Imagine the adult stresses society places on the adolescent brain.
We often make the mistake of suggesting that 18 is the age of adulthood. However, scientists have established that brain development is not complete until approximately 25 years of age Imagine the adult stresses society places on the adolescent brain. Just because the adolescent body can perform an adult function does not mean the adolescent brain can. Many children and teens do not need to go overseas to fight in a war. They navigate the urban war zones of their schools and neighborhoods every day.
Eventually, we realized that PTSD is not just about soldiers returning from war…
Many soldiers returning from hotspots of civil unrest struggled with depression, had trouble sleeping, experienced blackouts, or easily lost their temper while trying to re-enter society. Although it’s not a new problem, the term Post-Traumatic Stress Disorder (PTSD) made its first appearance in the 1980 Diagnostic and Statistical Manual of Mental Disorders. As a result, we started talking openly about emotional and mental health concerns. Eventually, we realized that PTSD is not just about soldiers returning from war. It is also applicable to victims of childhood abuse, battered wives, victims of crime, and any terrible event. Over time, society has become more willing to talk about it. A January 2019 article featured in the American Psychological Association Monitor was titled, “Gen Z more likely to report mental health concerns.“ While that’s a good thing overall, there are still challenges when it comes to understanding trauma.
“There is no universal definition of trauma.”
“Experts tend to create their definitions of trauma based on their clinical experiences. However, the most commonly referenced definition is from the Substance Abuse and Mental Health Services Administration (SAMHSA):4’Individual trauma results from an event, series of events, or set of circumstances that is experienced by an individual as physically or emotionally harmful or life-threatening and that has lasting adverse effects on the individual’s functioning and mental, physical, social, emotional, or spiritual well-being.‘
Examples of trauma include, but are not limited to:
- Experiencing or observing physical, sexual, and emotional abuse;
- Childhood neglect;
- Having a family member with mental health or substance use disorder;
- Experiencing or witnessing violence in the community or while serving in the military; and
- Poverty and systemic discrimination.”
SOURCE: (ISSUE BRIEF: Key Ingredients for Successful, Trauma-Informed Care Implementation. April 2016 | By Christopher Menschner and Alexandra Maul, Center for Health Care Strategies)
I ran a simple Google search using the word, trauma and got 1,780,000,000 results in 0.44 seconds.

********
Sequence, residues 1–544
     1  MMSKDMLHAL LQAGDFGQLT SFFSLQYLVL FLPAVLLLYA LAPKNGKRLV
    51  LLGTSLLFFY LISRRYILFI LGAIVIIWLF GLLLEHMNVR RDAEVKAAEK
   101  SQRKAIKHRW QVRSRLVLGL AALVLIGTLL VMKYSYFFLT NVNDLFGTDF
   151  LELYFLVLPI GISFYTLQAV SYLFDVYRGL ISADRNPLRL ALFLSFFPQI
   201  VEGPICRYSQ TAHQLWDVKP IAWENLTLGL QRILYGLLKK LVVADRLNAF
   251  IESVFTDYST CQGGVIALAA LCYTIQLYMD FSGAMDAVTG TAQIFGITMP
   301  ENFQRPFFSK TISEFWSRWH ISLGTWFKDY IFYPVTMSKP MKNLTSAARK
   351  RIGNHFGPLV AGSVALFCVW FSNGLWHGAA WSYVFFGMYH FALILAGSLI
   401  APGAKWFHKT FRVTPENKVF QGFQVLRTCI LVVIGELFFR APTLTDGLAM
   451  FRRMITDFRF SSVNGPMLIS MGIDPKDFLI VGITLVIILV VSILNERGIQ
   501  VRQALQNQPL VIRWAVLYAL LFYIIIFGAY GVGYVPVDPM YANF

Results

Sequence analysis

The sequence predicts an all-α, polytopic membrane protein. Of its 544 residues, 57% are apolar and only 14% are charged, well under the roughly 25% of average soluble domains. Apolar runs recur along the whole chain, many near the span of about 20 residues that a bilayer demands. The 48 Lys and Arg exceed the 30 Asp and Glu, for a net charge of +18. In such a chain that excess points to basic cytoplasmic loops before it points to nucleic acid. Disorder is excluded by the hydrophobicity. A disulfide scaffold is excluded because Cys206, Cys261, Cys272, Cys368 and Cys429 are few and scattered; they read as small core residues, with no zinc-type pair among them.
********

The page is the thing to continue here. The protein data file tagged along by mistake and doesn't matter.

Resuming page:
Yes, life is hard, but it is also good, and ironically, these are not mutually exclusive ideas. Primarily, because of the biblical concept that good triumphs over evil, God’s blessing cancels the curse, and grace abounds over sin (Romans 5:20,21). Still, we are not exempt from facing the pain of it all. While preparing for this article, I ran a simple Google search using the word, trauma and got 1,780,000,000 results in 0.44 seconds.
Currently, we are on the waning side of the coronavirus pandemic. Around the world, governments and medical professionals have taken extreme caution to avoid the spread of the virus. To date, 684,104,579 people contracted Covid-19. 6,832,414 of them died. Reporters and medical professionals have described the pandemic with painstaking care. Family members and friends. have passed away. Many still struggle with the lingering symptoms of Covid. That is what a pandemic looks like.
Is Trauma An Emotional Pandemic?
Although it is not a contagious virus per se, I believe that trauma manifests as a worldwide, societal pandemic.
While it is not possible to know the precise number of child sexual abuse victims, we must consider the following statistics:
“Studies by David Finkelhor, Director of the Crimes Against Children Research Center, show that:
- 1 in 5 girls and 1 in 20 boys is a victim of child sexual abuse;
- Self-report studies show that 20% of adult females and 5-10% of adult males recall a childhood sexual assault or sexual abuse incident;
- During one year in the U.S., 16% of youth ages 14 to 17 had been sexually victimized;
- Throughout their lifetime, 28% of U.S. youth ages 14 to 17 had been sexually victimized;
- Children are most vulnerable to CSA between the ages of 7 and 13.
According to a 2003 National Institute of Justice report, 3 out of 4 adolescents who have been sexually assaulted were victimized by someone they knew well.”
(Statistics provided by the National Center for Victims of Crime)
Not only children…
- On average, nearly 20 people per minute are physically abused by an intimate partner in the United States.
- 1 in 4 women and 1 in 9 men experience severe intimate partner physical violence,
- 1 in 4 women and 1 in 7 men have been victims of severe physical violence…by an intimate partner in their lifetime.
- 1 in 7 women and 1 in 18 men have been stalked by an intimate partner during their lifetime…
- Domestic victimization is correlated with a higher rate of depression and suicidal behavior.
(Statistical data provided by The National Coalition Against Domestic Violence (NCADV)
Now is the time…
When Covid was first diagnosed, we wore masks to guard against catching this dreadful disease. Perhaps now is the time for us to unmask the perpetrators of abuse in its various forms. See them and hold them accountable. Listen very closely and you can hear the sounds of a groaning creation before its maker.